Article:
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Rent to own OK?

By Peter G. Miller
CTW Features

Question: We pay $1,200 a month for rent and have been considering a rent-to-own program. How much more would we have to pay per month to qualify?

Answer: Rent-to-own programs are designed for buyers that do not have the cash or credit to purchase at this time.  Fannie Mae explains such programs this way:
“Rent credit for option to purchase is an acceptable source of funds toward the down payment or minimum borrower contribution.  Credit for the down payment is determined by calculating the difference between the market rent and the actual rent paid for the last 12 months.  The market rent is determined by the appraiser in the appraisal for the subject property”.

In practice a rent-to-own program might work this way:  The fair market rent for the property is $1,200 a month. The tenant/buyer pays $1,500 a month.  The additional $300 above the fair market rental is a credit to the purchaser.  The sale price is established at the start of the rent-to-own lease, meaning that the price is locked-in.

While such programs may seem attractive in theory, in practice they raise a number of questions:

  • If you’re in a market with strong appreciation, an owner has little reason to enter into a lease/purchase program because the property can be easily sold in the open market.  Also, if the local market is strong, the option price could be significantly higher than the current fair market value.
  • The extra payment – $300 a month in this example- is only a credit if the tenant actually buys the property.  If the tenant does not buy, the money is simply extra rent.
  • At the end of the option period the tenant may not be qualified to purchase.
  • If the tenant misses a single larger monthly payment, they can lose the option and the extra payments.
  • Proper paperwork is a must.  Lenders will want a copy of the rental/purchase agreement, the agreement must be for at least 12 months under Fannie Mae rules, the rent must be at a fair market level as determined by an appraiser and – importantly- buyers must have checks or money order receipts to prove that the rental payments actually were made.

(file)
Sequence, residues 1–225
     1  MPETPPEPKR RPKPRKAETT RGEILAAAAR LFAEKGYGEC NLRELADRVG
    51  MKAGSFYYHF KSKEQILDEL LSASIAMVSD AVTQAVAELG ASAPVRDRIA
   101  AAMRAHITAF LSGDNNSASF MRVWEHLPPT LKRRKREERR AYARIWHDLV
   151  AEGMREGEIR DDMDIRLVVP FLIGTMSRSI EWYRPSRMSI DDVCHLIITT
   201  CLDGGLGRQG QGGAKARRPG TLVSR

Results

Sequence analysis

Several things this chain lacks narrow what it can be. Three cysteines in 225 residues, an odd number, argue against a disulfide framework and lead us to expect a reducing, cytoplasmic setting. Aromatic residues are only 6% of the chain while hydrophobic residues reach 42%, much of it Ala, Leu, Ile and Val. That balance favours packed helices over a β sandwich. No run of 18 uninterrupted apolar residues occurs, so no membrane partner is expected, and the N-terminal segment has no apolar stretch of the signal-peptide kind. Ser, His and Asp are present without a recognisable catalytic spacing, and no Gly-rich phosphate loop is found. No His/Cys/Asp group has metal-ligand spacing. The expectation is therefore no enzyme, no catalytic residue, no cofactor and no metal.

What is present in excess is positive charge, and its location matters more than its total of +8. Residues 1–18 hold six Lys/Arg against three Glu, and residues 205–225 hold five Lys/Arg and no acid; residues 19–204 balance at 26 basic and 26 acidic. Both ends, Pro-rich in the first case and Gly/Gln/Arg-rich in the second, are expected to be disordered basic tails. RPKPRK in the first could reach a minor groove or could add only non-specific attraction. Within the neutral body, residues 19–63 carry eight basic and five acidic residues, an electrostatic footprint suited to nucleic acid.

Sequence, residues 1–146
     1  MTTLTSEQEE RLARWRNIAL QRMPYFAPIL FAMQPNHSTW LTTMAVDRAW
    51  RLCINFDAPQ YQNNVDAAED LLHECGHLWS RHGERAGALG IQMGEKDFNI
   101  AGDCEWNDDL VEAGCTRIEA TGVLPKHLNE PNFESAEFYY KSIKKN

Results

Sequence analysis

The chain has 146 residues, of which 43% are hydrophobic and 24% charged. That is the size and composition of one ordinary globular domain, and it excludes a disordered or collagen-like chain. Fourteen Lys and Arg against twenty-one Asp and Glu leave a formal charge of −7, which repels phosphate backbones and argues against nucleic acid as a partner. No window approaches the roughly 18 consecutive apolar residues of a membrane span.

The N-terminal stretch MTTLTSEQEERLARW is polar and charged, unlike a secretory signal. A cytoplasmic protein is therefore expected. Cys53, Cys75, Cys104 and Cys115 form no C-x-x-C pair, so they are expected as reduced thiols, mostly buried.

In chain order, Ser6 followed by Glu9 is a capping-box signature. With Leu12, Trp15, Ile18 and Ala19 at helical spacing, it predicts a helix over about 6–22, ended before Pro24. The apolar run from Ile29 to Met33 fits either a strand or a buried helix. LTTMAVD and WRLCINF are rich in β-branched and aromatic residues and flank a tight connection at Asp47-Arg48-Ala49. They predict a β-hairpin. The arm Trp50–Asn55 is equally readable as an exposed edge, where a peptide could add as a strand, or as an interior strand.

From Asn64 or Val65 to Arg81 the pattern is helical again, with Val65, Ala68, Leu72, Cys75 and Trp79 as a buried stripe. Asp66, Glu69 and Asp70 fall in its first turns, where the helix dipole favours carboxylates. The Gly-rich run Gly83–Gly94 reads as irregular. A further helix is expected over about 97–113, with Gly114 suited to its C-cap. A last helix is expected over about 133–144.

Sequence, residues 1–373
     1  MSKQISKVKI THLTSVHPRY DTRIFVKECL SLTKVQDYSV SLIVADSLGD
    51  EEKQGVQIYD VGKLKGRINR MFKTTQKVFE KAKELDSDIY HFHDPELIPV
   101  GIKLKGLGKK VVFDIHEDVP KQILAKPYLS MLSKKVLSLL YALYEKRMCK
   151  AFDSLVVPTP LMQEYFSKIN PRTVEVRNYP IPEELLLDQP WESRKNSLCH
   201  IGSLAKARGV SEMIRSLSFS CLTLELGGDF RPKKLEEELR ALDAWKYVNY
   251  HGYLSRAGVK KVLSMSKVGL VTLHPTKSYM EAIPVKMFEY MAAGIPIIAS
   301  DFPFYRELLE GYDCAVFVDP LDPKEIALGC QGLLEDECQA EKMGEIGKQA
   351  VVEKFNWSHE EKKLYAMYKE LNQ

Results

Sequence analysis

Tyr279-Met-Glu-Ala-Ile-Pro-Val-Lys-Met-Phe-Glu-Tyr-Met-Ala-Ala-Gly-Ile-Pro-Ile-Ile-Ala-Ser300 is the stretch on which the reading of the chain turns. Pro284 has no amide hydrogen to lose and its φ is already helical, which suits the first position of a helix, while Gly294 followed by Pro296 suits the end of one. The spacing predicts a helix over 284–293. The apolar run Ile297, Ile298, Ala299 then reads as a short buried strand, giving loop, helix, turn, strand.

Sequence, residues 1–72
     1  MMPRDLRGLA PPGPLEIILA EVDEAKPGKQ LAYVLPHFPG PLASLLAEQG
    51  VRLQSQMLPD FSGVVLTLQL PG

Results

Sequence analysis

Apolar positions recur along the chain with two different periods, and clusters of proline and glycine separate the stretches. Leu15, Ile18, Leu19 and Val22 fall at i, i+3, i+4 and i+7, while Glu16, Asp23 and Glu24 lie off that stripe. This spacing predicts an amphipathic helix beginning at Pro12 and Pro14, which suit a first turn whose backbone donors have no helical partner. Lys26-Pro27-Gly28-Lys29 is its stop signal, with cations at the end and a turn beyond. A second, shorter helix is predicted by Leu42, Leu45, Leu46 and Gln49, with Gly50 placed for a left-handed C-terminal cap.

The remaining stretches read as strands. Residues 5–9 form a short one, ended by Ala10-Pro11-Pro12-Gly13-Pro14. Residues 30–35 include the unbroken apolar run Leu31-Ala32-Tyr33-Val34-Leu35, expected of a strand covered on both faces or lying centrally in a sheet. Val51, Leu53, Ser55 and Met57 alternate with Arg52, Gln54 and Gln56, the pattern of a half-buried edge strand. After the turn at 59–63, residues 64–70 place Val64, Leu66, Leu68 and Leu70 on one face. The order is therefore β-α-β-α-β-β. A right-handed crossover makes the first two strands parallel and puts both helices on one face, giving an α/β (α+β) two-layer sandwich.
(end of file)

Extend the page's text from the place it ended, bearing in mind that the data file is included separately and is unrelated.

• At the end of the option period home prices may have declined, meaning that if the option is exercised, the tenant may pay more than the property is worth.  Given that lenders will only finance properties on the basis of their sale price or appraised value, whichever is less, financing can be a problem.
  • The tenants may find another home they like more.

Rather than a rent-to-own agreement, buyers might want to consider a simple alternative: Take the extra payment and stick it into a savings account every month.  Work with a local brokers and lenders and ask if you qualify for any down payment assistance programs- there are more than 2,000 nationwide.  Check your credit report to see if it contains factual errors or items that are out-of-date.  If you find problems, contact the credit-reporting agency to get erroneous material off your report – even small dings can impact credit scores. And, of course, make bill payments in full and on time.

© CTW Features
Peter G. Miller is author of “The Common-Sense Mortgage,” (Kindle 2016). Have a question? Please write to [email protected].